Pear Nutrition Facts

Calories, Carbs, and Health Benefits of Pears

Pears, annotated
Verywell / Alexandra Shytsman

Pears are a sweet, tasty fruit that's full of fiber, low in calories, and loaded with antioxidants, including vitamin C. They are native to Europe and West Asia, and have been used in anti-inflammatory, diuretic, and anti-hyperglycemic folk remedies in China for more than 2000 years.

Most pears grown in the United States are grown in Washington and Oregon. There are many varieties, including Anjou, Bartlett, Bosc, Comice, Concorde, Forelle, French Butter, and Seckel pears. 

Nutrition Facts

The following nutrition information is provided by the USDA for one medium pear (178g).

  • Calories: 101
  • Fat: 0.3g
  • Sodium: 1.8mg
  • Carbohydrates: 27g
  • Fiber: 5.5g
  • Sugars: 17g
  • Protein: 0.6g​

Carbs in Pears

Pears are a great source of insoluble fiber, containing almost 6 grams (22 percent of the recommended daily amount) in one medium-size serving, which makes them very filling. Fiber is the indigestible part of carbohydrate that helps promote bowel regularity and can reduce bad cholesterol. 

Pears are high in fructose and other sugars. However, with a low glycemic index of 38, they are still an appropriate choice for people on low-carb diets if eaten in moderation. 

Fats in Pears

Pears are great for people on low-fat diets, as they contain negligible amounts of both saturated and unsaturated fats.

Protein in Pears

Pears contain very little protein and are not a complete source of all essential amino acids, but they do contain trace amounts of the amino acids leucine, lysine, and glutamic acid.

Micronutrients in Pears

One pair contains about 6 percent of the daily recommended amount of copper and 6 percent of the daily recommended amount of potassium. Copper is important for the formation of connective tissue in the body as well as healthy brain and nervous system function. Potassium supports muscle function and nervous system communication. 

Health Benefits

Pears are a good source of vitamin C, containing approximately 13 percent of the daily value. Vitamin C is important for cell growth and repair as well as preventing oxidative damage. Vitamin C has been shown to boost immunity, aid in the healing of cuts and bruises, and even protect against infectious diseases. 

One study has indicated that the particular combination of phytonutrients in apples and pears may help improve insulin sensitivity and reduce the risk for type 2 diabetes. Flavonoids, phenolics, and triterpenes in the skin of the pears were found to confer antioxidant and anti-inflammatory properties. 

Common Questions

Nutritionwise, does it matter if I eat the skin of a pear or not?

The skin of a pear is where a large portion of its fiber resides, as well as high concentration of nutrients, so it's best to eat this fruit with the skin on. When doing so, make sure you wash them thoroughly as pears do fall on the Environmental Working Group's Dirty Dozen list, making them one of the fruits that contains the largest amount of pesticide residue. If possible, purchase organic.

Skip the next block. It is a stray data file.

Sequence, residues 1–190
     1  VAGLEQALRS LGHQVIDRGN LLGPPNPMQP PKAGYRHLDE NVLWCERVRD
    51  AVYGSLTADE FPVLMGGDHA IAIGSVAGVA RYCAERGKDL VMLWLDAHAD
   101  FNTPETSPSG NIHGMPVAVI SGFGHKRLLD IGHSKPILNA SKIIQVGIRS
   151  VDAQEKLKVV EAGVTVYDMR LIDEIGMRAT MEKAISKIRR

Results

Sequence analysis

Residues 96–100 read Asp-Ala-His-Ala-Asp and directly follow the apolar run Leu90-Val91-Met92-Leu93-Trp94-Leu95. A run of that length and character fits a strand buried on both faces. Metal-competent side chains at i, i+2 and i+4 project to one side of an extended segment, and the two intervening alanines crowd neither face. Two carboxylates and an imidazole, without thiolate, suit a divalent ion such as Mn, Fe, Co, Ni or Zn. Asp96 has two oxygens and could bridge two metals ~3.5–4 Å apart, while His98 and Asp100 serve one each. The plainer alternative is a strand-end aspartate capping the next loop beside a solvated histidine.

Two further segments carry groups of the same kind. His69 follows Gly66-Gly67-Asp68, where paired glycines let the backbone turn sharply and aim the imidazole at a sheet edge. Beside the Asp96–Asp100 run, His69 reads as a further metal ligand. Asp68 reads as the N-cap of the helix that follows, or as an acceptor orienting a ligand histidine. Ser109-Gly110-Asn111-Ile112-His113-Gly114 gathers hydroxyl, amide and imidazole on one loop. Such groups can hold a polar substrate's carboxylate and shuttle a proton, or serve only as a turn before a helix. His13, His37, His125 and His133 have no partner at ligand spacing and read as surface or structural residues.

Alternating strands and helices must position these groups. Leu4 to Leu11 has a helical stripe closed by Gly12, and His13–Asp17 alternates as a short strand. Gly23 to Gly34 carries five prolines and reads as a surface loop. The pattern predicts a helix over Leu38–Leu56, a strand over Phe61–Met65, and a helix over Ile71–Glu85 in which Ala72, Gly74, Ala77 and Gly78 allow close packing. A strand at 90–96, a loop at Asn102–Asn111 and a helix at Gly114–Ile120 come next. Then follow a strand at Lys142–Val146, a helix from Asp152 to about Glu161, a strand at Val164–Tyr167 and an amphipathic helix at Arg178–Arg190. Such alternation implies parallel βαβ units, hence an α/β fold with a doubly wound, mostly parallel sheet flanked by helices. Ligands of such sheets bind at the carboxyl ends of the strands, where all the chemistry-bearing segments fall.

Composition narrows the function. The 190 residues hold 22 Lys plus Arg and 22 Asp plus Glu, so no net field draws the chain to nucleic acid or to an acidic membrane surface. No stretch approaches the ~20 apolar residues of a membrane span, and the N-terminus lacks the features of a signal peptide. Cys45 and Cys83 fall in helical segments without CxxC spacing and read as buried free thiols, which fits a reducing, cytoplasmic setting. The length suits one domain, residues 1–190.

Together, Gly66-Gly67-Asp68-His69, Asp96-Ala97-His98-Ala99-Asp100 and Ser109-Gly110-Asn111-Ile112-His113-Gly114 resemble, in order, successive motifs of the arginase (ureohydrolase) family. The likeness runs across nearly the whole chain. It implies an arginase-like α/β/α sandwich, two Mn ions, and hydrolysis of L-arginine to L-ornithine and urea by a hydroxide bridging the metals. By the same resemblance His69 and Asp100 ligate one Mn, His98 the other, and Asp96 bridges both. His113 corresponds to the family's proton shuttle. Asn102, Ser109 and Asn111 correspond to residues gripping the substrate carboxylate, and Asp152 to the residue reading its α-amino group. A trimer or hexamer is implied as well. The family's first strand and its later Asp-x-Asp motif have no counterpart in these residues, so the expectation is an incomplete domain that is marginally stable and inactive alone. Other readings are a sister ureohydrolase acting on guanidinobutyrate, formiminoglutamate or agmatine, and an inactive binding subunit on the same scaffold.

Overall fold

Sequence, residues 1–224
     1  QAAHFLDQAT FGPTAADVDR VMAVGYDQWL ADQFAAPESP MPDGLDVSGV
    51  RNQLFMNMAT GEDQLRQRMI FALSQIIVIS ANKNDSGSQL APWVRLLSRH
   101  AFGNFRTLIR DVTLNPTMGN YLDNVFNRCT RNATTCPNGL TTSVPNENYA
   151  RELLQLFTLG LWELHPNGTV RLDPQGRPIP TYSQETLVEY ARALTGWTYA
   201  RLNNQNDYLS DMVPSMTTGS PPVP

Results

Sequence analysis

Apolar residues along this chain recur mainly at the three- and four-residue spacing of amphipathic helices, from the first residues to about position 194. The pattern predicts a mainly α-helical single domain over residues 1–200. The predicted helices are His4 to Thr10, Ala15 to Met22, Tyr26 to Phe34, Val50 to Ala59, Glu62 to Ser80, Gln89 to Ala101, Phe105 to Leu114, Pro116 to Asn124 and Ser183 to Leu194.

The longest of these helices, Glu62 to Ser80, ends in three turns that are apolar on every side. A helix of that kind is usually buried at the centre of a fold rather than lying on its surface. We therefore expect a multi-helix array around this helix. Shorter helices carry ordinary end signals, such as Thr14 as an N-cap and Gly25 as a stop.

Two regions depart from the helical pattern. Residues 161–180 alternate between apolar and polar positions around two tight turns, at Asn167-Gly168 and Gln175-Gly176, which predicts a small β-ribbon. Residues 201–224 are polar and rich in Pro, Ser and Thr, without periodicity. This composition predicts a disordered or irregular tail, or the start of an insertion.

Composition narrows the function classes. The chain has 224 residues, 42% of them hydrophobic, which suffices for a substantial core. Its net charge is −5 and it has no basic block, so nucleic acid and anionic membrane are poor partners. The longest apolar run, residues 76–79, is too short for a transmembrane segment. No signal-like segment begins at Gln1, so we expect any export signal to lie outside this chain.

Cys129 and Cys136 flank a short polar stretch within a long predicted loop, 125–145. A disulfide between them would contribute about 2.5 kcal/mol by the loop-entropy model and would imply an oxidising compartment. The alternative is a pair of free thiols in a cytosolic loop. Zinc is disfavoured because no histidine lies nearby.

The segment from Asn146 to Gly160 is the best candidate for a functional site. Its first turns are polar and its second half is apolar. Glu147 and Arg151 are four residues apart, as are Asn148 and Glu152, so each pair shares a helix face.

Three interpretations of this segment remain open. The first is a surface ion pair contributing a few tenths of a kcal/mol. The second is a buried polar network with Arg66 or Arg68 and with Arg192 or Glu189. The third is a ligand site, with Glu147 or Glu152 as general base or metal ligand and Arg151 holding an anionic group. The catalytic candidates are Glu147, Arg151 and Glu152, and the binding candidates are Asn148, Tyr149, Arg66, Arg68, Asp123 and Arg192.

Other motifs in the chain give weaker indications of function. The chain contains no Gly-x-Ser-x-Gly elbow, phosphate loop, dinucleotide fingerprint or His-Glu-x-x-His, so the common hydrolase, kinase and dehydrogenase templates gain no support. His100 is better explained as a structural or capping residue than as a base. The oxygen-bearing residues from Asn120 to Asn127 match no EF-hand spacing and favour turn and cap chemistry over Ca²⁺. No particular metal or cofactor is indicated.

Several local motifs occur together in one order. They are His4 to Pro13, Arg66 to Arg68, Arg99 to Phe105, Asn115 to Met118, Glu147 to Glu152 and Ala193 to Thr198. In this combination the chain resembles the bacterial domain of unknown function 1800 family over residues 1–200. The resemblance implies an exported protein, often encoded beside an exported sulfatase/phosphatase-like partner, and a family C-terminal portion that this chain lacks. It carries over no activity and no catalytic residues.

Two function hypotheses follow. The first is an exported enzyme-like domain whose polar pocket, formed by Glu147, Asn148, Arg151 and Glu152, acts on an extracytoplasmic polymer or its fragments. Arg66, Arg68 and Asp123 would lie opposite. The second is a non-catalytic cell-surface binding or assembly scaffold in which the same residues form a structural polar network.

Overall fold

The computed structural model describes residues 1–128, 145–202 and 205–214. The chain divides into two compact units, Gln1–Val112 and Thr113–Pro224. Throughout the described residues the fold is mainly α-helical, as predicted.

Can you freeze pears?

Freezing fresh pears is not recommended because juice and fibers will separate in the thawing process, and the results are not at all desired. However, freezing a cooked or processed pear (such as pear sauce) to which sugar has been added will work. Place the pears in a tightly sealed container prior to freezing to help reduce freezer burn.

Recipes and Preparation Tips

Pears are a versatile fruit. They can be eaten raw, poached, roasted, or blended to make smoothies. Enjoy your pears chopped up in salads, roasted with squash or root vegetables, or blend them up to drink or to make soup. Adding pears to your meal plan can help keep you full and reach your fiber goals.

If you are looking to modify your carbohydrate intake, stick to small pears or eat half in one sitting. Pair your pear with a serving of protein, such as Greek yogurt, low-fat cheese, or a serving of nuts for a filling, protein, and fiber-rich snack.

Explore all the ways pears can be incorporated into your diet and try these recipes as you do:

Allergies and Interactions

People with birch-pollen allergy can develop an allergy to pears due to a similarity in proteins. Symptoms of this birch-fruit syndrome are localized in the mouth and throat and generally appear within five to 15 minutes after consuming raw pear. Cooking the pears can make them safer to eat for people with this condition.

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